“As far as she knew, everything was running smoothly,” Smith says.
Smith says Simmons was always developing “schemes”, though, to fund the lifestyle he had become accustomed to. One such scheme involved getting a House of Representatives job for his sister by telling Brown she was sick and needed money. In reality, he says Simmons took much of the money over many years, and the relative didn’t do much work. So, when Simmons met and ultimately started having a relationship with Carla Wiley, the President of One Door, the opportunity for another scheme “fell in to his lap”.
“The two of them did that, on their own, without any encouragement or direction from Congresswoman Brown,” Smith says.
He says Brown solicited donations for a group she had every reason to believe was credible, because Simmons had vouched for it, and she trusted him. Even when Wiley ultimately took a plea deal, Simmons maintained his innocence, so Brown still had trust that he had done the right thing, according to Smith. Then, Simmons took a plea deal as well.
“She finally, finally had a chance to see clearly the betrayal that some in her inner circle feared,” Smith says.
Simmons and Wiley are both going to testify. Smith reminded the jurors that they will have to consider that testimony carefully, because of the plea deals Wiley and Simmons were given in exchange for their cooperation with the prosecution. He added that Brown herself will testify, because she can tell her story best, and he wants the jury to weigh Brown's "well-earned reputation" against that of her two alleged co-conspirators.
And on the question of how Brown could have not known about the source of frequent large deposits in her accounts- the alleged One Door money Simmons would deposit- Smith says Brown traveled frequently for her work in Congress, and she would front the money and get reimbursed.
Prosecutors say that’s just not the case.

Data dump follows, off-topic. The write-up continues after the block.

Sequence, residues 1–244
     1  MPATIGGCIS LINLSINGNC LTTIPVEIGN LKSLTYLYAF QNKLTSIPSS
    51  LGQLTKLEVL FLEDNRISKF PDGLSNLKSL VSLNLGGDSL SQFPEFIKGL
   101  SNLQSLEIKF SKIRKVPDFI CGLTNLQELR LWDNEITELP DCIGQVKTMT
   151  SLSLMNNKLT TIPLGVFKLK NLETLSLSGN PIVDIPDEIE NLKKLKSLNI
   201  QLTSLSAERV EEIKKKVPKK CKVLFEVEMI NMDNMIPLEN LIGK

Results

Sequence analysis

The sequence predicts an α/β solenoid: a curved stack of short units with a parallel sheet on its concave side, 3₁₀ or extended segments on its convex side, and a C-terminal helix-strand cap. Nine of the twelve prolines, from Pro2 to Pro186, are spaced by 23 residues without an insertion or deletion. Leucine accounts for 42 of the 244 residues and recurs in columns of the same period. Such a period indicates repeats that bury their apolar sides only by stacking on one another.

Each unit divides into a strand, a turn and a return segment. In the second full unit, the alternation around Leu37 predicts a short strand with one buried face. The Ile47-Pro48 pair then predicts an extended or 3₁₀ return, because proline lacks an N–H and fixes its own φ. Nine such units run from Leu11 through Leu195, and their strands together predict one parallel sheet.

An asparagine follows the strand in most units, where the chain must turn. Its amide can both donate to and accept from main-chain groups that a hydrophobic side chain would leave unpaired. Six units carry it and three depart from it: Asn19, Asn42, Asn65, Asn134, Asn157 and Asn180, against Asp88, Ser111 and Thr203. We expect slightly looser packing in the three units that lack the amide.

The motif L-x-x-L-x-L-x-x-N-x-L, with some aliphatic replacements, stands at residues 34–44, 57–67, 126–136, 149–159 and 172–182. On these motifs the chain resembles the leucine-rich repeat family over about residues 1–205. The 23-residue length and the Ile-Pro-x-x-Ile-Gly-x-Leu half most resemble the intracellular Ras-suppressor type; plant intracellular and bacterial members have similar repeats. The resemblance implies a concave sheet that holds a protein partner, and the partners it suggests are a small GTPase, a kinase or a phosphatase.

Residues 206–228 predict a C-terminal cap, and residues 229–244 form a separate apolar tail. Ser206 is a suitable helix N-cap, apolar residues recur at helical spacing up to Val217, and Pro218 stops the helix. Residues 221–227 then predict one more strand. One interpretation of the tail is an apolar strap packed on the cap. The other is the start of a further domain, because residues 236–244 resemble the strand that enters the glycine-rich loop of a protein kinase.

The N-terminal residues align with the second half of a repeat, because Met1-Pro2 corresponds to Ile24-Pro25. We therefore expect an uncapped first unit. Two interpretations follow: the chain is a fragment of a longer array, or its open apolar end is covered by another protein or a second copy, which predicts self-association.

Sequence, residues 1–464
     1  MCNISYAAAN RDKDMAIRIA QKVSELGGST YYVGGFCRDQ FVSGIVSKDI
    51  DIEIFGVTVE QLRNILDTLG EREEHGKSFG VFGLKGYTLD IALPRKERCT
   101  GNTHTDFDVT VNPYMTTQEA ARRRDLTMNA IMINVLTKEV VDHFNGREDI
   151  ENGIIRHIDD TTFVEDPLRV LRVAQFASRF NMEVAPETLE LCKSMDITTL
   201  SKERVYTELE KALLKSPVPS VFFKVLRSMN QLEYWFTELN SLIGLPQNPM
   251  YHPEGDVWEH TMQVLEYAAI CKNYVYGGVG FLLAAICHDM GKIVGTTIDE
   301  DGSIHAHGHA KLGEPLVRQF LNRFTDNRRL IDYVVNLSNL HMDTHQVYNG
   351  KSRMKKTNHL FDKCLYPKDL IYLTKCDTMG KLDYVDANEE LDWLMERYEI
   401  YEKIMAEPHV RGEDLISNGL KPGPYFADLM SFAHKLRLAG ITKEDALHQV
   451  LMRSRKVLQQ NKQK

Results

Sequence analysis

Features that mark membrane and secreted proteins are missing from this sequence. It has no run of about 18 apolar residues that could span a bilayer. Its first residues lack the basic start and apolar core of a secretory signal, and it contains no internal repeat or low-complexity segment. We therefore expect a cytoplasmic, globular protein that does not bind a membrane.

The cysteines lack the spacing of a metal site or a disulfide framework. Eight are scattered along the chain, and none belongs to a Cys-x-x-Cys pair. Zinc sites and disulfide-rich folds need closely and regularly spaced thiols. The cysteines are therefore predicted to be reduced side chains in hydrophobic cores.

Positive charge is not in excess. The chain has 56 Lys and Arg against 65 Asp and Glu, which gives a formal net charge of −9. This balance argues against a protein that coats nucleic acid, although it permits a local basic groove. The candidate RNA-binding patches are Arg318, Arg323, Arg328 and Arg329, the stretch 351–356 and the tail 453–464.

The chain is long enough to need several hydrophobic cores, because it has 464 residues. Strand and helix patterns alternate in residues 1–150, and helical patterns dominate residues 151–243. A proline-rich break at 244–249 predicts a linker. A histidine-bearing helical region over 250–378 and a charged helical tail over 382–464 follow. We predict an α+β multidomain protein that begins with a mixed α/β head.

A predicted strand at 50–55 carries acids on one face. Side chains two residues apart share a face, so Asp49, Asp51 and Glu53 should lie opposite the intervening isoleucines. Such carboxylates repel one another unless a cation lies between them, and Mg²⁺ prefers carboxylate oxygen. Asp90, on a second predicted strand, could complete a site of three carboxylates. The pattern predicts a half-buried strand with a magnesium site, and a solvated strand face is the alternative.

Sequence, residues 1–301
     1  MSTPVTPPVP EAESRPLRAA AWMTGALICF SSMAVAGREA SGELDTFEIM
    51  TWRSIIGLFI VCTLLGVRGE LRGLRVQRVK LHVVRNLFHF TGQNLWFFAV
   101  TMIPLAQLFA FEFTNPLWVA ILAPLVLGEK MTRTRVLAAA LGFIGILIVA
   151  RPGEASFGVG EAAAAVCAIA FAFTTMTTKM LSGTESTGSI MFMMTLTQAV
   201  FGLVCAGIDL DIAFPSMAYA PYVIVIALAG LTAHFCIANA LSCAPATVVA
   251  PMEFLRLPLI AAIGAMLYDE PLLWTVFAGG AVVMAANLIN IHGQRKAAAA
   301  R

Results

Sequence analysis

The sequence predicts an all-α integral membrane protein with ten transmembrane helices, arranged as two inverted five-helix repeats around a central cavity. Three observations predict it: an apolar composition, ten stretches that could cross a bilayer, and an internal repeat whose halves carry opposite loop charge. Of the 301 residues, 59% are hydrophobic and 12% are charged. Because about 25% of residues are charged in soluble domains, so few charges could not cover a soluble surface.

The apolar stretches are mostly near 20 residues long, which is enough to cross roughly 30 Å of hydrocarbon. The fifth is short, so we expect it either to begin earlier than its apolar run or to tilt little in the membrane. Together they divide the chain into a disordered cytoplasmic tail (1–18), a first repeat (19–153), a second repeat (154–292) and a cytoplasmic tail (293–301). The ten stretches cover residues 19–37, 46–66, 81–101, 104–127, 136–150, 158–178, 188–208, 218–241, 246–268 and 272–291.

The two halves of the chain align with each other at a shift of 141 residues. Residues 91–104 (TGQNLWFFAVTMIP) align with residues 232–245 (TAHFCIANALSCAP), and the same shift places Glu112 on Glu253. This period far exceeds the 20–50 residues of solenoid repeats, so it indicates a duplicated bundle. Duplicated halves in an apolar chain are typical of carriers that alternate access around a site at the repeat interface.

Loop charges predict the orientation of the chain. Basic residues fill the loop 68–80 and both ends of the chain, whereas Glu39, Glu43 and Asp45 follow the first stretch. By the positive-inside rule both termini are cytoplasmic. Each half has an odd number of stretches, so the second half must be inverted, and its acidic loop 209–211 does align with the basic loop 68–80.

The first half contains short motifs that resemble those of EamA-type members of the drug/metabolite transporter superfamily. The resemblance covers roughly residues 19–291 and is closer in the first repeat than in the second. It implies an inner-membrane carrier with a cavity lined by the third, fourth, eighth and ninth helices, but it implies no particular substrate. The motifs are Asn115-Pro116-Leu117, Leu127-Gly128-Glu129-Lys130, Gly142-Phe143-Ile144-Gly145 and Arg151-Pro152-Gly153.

“The facts are going to show that Corrine Brown knew exactly what she was doing,” Duva said.
He adds that there are clearly established lies which will speak to that, including that Brown is also accused of underreporting her income and overreporting her charitable giving on House financial disclosures and tax returns.
If the One Door donors had known their money was not going to charitable education purposes, Duva says they wouldn't have donated in the first place. He also says Brown using her influence and position as a Congresswoman was key toward soliciting the large donations- many ten thousand dollars or more.
Smith says Brown can only be convicted of fraud if she knowingly lied to the donors when she asked for the donations. He says she didn’t, though, and had instead been fooled by Simmons. Smith says Simmons fooled investigators and prosecutors too.
“Don’t let him fool you,” Smith said to the jury.
The courtroom itself was full for opening statements Wednesday, despite US Magistrate Judge Timothy Corrigan adding extra chairs in anticipation of a crowd. Those who did not secure a seat- which were first come, first served- were allowed in to an overflow room where there were audio and video feeds set up.
WOKV is inside of the federal courtroom and updating you frequently through the proceedings. This is a developing story that will be updated in to the evening.